"They're touchier than Loftwings," Zelda added, "Besides… maybe we shouldn't cut all ties to the sky in a single generation. Although I do not ride my bird much anymore, my Loftwing is still very important to me. The human contract with them is coming to an end, but I know there are some who will still be drawn to that partnership, both those with feathers and those without."

"Before my partnership with you," Link admitted, "My bond with my bird was the most important thing to me. Pipit's a little young, but I haven't taken the kids to Skyloft in a long time. Maybe I should call my bird down and do just that. I'll show Pip how to sense and call and maybe something interesting will happen. It's been a while since Pipit's been there and Araucana was so young she probably doesn't remember it at all, and Taurin hasn't been to the Sky at all-"

"Taurin stays," Zelda said matter-of-factly. "It is too dangerous for him. We'll schedule you a few days off. You can take Pipit and Araucana for a visit. I'll stay here with the baby."

"Alone, Zelda?"

"I'll call Lady Karane in to do royal bodyguard duty. I'll have no fear with her around, and it'll be easier for her than the last time she did personal attendance to us, since the 'little monsters' will be with you."

Link chuckled remembering how his older children, having no fear of Karane's title – "The Iron Lioness," decided to play a game of "Let's climb Mt. Karane." The look on her face was priceless, which was probably why he lingered more than he should of in prying little Pipit and little Araucana off of her armored person.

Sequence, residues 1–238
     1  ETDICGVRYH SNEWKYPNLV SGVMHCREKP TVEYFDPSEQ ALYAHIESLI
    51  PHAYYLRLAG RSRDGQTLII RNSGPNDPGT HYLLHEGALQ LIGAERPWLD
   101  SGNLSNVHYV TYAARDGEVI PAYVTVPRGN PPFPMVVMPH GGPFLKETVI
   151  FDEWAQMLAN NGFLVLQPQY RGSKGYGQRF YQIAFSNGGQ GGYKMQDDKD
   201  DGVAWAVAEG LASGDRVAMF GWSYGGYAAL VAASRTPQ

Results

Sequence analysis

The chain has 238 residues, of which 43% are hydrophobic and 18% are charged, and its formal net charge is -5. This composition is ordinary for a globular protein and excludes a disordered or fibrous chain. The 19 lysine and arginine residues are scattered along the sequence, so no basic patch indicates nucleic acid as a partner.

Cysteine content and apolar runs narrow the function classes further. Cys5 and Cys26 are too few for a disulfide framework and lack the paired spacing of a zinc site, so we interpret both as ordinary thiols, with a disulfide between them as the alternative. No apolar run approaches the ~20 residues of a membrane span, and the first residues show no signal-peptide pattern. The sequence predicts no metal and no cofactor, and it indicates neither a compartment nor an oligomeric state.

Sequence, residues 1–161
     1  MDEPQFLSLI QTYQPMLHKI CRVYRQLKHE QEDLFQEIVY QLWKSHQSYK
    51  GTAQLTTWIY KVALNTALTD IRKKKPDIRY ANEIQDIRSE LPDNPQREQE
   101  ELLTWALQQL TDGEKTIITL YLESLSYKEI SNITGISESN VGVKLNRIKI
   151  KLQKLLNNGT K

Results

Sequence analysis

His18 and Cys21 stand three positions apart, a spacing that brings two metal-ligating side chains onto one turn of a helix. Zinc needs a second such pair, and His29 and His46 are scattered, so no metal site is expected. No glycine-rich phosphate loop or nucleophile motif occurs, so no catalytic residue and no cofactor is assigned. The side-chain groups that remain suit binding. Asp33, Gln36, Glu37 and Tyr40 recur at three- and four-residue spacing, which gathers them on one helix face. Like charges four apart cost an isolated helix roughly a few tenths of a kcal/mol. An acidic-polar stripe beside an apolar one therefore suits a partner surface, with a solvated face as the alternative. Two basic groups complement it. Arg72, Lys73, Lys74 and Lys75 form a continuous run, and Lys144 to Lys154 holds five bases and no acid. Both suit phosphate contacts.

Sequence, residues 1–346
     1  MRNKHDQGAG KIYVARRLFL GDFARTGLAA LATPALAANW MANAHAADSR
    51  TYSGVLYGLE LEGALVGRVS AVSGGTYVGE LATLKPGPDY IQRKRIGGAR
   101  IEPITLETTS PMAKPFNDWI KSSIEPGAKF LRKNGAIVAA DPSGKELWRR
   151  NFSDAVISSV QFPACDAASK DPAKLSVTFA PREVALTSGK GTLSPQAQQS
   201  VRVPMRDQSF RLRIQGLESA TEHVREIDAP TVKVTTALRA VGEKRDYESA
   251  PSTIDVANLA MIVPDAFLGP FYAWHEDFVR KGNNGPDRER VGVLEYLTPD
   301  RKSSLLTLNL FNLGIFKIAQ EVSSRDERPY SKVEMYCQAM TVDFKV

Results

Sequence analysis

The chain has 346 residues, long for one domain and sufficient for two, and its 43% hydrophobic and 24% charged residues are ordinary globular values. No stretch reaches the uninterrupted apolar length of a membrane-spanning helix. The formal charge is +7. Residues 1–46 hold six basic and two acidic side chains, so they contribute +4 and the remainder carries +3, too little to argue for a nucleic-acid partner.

"It's good, isn't it?" Link said, looking out over the flow of the creek.

"What is?"

"The world," Link answered. "What we're doing now, this brave new age. Are we headed into a Golden Era?"

Zelda hugged him from behind. "Maybe," she said, "though such things are a myth."

"Huh? Wha-?"

"No times are perfect. Even the days of Hylia had the usual natural and human struggles before the rising of Demise. I suppose, in some ways, all times, even those that are best for most of the people, aren't good for some. The idea of Golden Ages is really just nostalgia."

"When did you get depressing, Zelda?"

"Not depressing - philosophical. There are some things I have realized since I've regained those ancient Goddess-memories… just how hard the mortal life is, for one. I guess I am feeling remorse. I really just never knew before."

"I want to make this age the best it can possibly be, for as long as it can be."

Zelda gave him a kiss on the cheek. "And that's why you have a Hero's heart."

"Grandpa! Grandpa!"

Pipit and Araucana ran to embrace the elderly man at the Skyloft Knight Academy first-floor doors.